NEW YORK (GenomeWeb) — OpGen reported after the close of the market Tuesday a 26 percent drop in its third quarter revenues, citing lower sales of its legacy QuickFISH rapid pathogen diagnostic products.
For the three months ended Sept. 30, OpGen's revenues fell to $552,221 from $745,114 in the same period the year before, pulled down by the decline in QuickFISH revenues, and in line with previously disclosed estimates.
Last month, the Gaithersburg, Maryland-based company also disclosed that it did not receive an expected Q3 payment related to its ongoing contract with the US Centers for Disease Control and Prevention to develop smartphone-based clinical decision support solutions for antimicrobial stewardship and infection control in low- and middle-income countries. That payment is now expected in the fourth quarter.
OpGen's Q3 net loss was $3.3 million, or $.53 per share on roughly 6.1 million weighted average shares outstanding, versus $3.3 million, or $1.74 on about 1.9 million weighted shares outstanding the year before.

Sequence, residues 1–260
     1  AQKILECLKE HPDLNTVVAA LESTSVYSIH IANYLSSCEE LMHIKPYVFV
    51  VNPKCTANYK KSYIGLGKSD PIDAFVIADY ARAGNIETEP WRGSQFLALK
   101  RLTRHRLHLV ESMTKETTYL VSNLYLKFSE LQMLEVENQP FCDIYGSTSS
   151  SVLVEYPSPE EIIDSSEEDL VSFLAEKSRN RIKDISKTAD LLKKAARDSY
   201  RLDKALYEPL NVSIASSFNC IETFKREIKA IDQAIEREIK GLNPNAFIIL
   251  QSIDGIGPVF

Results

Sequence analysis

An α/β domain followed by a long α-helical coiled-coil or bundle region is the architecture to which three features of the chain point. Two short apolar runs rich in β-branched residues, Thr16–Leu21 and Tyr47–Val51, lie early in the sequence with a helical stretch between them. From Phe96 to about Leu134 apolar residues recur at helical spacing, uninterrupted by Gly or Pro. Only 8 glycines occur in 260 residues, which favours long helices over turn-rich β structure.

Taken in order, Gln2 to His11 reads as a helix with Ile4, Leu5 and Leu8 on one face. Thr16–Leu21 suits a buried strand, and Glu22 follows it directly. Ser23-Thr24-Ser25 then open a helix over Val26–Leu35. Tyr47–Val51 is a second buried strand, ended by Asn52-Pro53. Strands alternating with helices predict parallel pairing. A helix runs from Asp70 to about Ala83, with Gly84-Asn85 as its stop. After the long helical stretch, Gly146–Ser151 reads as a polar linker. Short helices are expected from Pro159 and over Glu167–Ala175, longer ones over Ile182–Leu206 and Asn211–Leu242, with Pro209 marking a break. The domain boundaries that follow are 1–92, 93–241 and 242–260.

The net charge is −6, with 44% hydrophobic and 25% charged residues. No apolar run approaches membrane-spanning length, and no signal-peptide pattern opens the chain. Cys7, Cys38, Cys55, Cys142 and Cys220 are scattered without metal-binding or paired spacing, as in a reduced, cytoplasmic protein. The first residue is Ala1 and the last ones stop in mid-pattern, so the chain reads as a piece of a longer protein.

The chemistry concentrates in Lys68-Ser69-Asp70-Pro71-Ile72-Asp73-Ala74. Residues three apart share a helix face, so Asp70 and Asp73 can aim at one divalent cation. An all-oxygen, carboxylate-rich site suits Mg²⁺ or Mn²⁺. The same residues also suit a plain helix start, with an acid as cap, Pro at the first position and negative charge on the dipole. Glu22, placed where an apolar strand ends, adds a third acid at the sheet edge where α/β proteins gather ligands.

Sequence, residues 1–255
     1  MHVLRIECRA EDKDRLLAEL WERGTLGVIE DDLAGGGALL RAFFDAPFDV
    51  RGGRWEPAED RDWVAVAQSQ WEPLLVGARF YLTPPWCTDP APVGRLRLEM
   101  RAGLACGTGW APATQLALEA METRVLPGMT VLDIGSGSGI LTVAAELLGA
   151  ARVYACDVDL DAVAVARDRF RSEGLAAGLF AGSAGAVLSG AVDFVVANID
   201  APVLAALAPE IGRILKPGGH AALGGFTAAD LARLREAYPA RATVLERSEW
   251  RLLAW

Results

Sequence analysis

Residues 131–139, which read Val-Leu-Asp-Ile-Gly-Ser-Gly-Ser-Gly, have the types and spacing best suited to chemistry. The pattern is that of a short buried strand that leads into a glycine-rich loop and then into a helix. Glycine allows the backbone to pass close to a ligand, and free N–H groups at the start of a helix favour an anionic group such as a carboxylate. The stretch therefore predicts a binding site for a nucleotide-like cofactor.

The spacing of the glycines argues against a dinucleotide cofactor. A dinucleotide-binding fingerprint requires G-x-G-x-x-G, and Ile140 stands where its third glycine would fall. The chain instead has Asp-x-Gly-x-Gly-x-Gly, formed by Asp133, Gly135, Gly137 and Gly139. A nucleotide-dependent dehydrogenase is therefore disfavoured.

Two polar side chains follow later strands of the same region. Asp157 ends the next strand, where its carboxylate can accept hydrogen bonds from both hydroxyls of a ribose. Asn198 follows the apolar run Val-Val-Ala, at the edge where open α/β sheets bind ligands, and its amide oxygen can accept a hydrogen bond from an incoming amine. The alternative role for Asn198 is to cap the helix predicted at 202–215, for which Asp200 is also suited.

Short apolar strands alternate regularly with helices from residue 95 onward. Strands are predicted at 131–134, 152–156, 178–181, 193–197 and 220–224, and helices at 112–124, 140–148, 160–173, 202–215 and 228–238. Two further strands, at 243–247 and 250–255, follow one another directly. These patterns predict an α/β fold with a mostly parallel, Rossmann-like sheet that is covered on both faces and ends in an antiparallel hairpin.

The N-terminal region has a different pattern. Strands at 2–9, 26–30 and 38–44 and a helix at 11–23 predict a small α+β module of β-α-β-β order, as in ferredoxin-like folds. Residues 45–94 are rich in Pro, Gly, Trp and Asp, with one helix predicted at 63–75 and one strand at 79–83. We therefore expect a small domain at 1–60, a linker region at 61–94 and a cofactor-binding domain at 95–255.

R&D spending in the third quarter shrank 13 percent to $1.3 million from $1.5 million, while SG&A costs rose nearly 11 percent to $2.1 million from $1.9 millon.
At the end of Q3, OpGen had cash and cash equivalents totaling $4.7 million. In October, the firm netted $2.8 million in a public stock offering.
Looking ahead, OpGen said that it now expects to submit its Acuitas AMR Gene Panel u5.47 — a recently launched research-use-only assay for common causes of urinary tract infections as well as 47 gene targets that indicate antibiotic resistance — for 510(k) clearance with US regulators in early 2019.
"Last week, we announced the completion of specimen accrual and testing of 670 urine specimens for the clinical verification study with this test and the [companion] Acuitas Lighthouse software," OpGen Chairman and CEO Evan Jones said in a statement. "The preliminary results of the clinical verification study support our plans to introduce our Acuitas AMR Gene Panel and Acuitas Lighthouse software for under-three-hour detection of urinary tract infections with concurrent prediction of resistance to frontline antibiotics."